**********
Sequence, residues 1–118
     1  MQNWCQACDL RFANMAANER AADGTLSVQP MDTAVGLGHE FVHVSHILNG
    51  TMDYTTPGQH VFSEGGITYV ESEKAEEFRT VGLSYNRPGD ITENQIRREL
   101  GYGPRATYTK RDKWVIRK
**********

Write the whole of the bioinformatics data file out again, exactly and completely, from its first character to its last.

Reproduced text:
Sequence, residues 1–118
     1  MQNWCQACDL RFANMAANER AADGTLSVQP MDTAVGLGHE FVHVSHILNG
    51  TMDYTTPGQH VFSEGGITYV ESEKAEEFRT VGLSYNRPGD ITENQIRREL
   101  GYGPRATYTK RDKWVIRK